The principles that rule this blog

Principles that will govern my thoughts as I express them here (from my opening statement):

  • Freedom of the individual should be as total as possible, limited only by the fact that nobody should be free to cause physical injury to another, or to deprive another person of his freedoms.
  • Government is necessary primarily to provide those services that private enterprise won't, or won't at a price that people can afford.
  • No person has a right to have his own beliefs on religious, moral, political, or other controversial issues imposed on others who do not share those beliefs.

I believe that Abraham Lincoln expressed it very well:

“The legitimate object of government is to do for a community of people whatever they need to have done, but cannot do, at all, or cannot
so well do, for themselves — in their separate, individual capacities.”

Comments will be invited, and I will attempt to reply to any comments that are offered in a serious and non-abusive manner. However, I will not tolerate abusive or profane language (my reasoning is that this is my blog, and so I can control it; I wouldn't interfere with your using such language on your own!)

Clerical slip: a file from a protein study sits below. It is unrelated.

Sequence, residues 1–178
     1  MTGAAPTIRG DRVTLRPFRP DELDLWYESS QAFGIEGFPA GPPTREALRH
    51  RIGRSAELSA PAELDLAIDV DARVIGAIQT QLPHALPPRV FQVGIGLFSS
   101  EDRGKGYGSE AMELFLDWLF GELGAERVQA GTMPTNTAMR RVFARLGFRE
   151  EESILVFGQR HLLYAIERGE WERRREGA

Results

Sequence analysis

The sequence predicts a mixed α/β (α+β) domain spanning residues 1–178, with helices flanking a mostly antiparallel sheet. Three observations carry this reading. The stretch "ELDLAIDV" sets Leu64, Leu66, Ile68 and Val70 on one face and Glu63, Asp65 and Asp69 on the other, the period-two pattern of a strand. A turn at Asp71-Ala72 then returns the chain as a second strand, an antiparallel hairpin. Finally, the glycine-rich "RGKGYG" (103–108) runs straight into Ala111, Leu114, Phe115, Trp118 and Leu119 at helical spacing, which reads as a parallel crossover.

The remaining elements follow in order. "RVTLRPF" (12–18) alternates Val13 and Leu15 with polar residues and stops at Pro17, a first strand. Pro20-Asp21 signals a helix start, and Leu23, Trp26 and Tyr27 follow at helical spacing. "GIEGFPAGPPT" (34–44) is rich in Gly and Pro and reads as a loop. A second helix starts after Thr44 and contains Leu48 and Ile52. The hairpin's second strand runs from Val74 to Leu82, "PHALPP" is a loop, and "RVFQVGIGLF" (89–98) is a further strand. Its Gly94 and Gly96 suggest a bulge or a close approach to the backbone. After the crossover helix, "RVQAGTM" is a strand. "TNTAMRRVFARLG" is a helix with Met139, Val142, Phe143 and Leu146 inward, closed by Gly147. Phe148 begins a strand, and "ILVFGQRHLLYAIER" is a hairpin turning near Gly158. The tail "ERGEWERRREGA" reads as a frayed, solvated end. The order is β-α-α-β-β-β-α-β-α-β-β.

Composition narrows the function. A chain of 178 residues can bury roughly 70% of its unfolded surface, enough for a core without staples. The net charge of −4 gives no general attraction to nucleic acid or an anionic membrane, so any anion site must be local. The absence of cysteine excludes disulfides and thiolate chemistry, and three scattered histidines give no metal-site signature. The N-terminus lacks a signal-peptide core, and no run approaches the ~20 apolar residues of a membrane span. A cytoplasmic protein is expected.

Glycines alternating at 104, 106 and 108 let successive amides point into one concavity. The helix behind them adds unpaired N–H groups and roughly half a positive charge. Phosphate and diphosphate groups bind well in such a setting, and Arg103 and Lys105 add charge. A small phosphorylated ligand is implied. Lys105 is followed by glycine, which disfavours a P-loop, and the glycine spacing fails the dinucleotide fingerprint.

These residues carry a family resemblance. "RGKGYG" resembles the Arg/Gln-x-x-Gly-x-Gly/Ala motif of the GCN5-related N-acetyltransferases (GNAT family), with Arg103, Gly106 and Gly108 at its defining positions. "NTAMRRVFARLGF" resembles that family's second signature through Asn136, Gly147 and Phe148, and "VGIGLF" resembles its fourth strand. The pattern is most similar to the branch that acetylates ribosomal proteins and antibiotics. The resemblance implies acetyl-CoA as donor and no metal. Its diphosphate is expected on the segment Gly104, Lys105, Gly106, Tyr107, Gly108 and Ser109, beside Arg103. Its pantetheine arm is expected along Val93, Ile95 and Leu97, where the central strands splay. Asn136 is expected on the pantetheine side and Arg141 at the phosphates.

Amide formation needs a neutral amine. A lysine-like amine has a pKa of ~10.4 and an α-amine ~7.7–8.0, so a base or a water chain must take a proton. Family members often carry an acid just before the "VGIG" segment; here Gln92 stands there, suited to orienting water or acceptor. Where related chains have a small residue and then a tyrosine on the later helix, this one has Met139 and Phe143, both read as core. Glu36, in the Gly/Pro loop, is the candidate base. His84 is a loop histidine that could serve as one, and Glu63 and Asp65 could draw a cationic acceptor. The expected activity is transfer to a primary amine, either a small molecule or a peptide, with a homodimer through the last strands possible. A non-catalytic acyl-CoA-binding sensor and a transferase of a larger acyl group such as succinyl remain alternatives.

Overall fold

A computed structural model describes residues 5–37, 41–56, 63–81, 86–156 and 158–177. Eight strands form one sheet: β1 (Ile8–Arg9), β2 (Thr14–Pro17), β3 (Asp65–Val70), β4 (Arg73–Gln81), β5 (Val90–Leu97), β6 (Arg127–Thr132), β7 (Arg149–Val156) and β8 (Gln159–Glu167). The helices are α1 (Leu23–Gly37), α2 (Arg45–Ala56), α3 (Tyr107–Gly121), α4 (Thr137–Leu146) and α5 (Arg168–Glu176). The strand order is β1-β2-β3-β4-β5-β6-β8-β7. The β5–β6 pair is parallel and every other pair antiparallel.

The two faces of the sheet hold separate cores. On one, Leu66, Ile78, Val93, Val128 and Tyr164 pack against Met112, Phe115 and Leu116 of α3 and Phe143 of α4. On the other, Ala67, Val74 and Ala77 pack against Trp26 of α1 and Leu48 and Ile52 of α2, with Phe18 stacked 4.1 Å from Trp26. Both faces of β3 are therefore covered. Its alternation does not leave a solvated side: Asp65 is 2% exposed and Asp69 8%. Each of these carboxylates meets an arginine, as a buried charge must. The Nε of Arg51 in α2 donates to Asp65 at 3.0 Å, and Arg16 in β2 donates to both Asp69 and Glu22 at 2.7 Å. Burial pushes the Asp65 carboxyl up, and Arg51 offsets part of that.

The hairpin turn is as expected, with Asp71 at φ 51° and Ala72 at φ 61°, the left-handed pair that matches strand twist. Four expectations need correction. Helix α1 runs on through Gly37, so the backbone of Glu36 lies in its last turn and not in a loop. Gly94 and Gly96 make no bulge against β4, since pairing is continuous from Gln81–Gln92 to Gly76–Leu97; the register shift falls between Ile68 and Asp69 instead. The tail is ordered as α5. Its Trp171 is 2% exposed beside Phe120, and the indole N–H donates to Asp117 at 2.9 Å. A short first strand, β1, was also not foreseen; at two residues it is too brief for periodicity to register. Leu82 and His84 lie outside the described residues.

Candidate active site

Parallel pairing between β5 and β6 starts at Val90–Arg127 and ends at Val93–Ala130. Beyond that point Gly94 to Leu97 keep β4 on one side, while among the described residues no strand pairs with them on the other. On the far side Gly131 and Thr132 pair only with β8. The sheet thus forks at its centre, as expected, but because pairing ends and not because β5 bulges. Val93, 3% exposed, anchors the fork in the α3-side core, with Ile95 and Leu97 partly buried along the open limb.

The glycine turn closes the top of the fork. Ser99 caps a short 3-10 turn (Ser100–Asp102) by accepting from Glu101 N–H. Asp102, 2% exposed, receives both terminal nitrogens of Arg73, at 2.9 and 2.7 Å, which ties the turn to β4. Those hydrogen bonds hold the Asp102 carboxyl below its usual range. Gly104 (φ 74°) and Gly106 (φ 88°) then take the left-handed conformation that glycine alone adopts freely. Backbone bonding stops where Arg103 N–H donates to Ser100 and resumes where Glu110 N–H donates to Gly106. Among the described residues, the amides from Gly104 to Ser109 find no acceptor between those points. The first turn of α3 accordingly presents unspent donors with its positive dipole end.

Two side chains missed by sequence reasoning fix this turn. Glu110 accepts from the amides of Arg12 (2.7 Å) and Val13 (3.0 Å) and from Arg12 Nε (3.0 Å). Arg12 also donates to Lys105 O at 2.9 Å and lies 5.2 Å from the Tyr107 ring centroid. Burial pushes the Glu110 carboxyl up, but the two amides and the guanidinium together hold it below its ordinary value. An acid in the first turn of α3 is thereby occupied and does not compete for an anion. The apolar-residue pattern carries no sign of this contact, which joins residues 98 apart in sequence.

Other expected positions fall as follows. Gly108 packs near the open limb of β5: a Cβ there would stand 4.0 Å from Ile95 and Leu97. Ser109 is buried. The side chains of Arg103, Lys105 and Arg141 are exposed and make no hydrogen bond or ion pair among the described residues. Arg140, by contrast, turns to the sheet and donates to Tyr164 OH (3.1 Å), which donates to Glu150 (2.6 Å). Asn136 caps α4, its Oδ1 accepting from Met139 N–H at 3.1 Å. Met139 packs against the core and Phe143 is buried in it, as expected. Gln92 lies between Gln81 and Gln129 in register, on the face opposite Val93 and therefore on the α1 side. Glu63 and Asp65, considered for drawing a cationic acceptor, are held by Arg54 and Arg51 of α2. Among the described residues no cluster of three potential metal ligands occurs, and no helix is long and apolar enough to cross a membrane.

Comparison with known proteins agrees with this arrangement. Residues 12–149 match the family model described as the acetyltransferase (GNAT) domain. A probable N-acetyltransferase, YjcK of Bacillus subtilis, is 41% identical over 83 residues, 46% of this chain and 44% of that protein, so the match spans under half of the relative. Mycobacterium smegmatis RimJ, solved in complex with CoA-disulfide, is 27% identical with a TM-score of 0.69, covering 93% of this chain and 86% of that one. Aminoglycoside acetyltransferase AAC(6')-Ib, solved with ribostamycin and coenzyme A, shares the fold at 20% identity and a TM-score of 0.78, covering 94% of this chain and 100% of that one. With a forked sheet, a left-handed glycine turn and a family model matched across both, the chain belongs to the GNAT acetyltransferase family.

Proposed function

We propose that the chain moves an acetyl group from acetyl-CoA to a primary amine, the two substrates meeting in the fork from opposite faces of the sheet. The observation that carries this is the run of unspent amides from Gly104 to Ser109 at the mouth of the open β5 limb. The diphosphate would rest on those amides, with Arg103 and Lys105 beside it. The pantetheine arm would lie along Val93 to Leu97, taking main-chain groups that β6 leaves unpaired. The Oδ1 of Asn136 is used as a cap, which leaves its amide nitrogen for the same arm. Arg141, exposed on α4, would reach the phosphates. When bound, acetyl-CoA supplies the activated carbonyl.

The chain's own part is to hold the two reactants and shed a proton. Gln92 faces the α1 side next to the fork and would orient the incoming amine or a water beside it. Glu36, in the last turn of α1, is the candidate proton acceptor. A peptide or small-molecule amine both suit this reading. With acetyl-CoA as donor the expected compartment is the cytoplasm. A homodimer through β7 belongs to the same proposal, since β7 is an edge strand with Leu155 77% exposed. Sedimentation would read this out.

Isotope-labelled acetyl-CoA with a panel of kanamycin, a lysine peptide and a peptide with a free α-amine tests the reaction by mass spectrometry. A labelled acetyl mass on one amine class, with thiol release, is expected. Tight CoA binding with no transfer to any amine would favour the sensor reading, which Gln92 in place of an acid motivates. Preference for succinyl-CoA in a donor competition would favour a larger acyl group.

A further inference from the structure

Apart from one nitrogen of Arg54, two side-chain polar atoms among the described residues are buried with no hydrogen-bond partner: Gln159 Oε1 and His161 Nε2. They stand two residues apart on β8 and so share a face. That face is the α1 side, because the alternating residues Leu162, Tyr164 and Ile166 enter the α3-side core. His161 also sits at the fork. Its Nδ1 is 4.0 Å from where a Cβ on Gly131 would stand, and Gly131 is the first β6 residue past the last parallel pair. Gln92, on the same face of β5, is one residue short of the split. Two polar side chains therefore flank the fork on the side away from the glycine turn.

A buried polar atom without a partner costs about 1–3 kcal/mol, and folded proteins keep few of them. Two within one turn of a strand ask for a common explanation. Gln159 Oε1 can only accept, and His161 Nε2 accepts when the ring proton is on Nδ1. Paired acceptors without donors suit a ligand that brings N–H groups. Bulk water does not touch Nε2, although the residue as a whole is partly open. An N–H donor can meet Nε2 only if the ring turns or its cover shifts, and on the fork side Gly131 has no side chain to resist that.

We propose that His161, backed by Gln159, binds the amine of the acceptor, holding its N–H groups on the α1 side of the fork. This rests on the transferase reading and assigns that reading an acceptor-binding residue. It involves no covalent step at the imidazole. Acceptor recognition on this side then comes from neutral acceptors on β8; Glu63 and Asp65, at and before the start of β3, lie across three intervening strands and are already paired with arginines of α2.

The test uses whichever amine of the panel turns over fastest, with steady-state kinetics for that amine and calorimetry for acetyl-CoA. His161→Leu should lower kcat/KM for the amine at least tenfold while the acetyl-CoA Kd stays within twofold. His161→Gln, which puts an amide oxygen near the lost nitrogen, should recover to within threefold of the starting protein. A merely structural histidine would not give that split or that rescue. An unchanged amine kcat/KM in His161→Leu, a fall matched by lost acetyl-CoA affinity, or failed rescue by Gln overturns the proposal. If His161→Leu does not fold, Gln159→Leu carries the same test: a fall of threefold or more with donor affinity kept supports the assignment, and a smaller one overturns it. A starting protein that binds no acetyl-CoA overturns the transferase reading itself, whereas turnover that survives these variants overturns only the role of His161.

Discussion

If anyone finds an opinion that I express to be contrary to my principles, they are welcome to point this out. I hope that I can make a rational case for my comments. Because, in fact, one label I'll happily accept is rationalist.

Thursday, April 14, 2016

I wish I could believe it!

There is a post I read yesterday, dated a week ago but first coming to my attention yesterday evening, by Seth Abramson on the Huffington Post site, with the title “John Kasich Will Be the Republican Nominee for President.” I really wish I could believe things will play out that way. It would cap a crazy primary election season with the best outcome I could possibly imagine: a Republican ticket that I could enthusiastically support.

The major premise of Abramson's post is that:

Donald Trump needs 1,237 delegates to win on the first ballot at the Republican National Convention in Cleveland, and not only will he not get to that figure prior to the Convention — he’d need to win well over 50 percent of the remaining delegates to do so, and even during his current run as front-runner he’s only won 46 percent of delegates — he won’t even get close enough to that mark to pass it via uncommitted delegates at the Convention.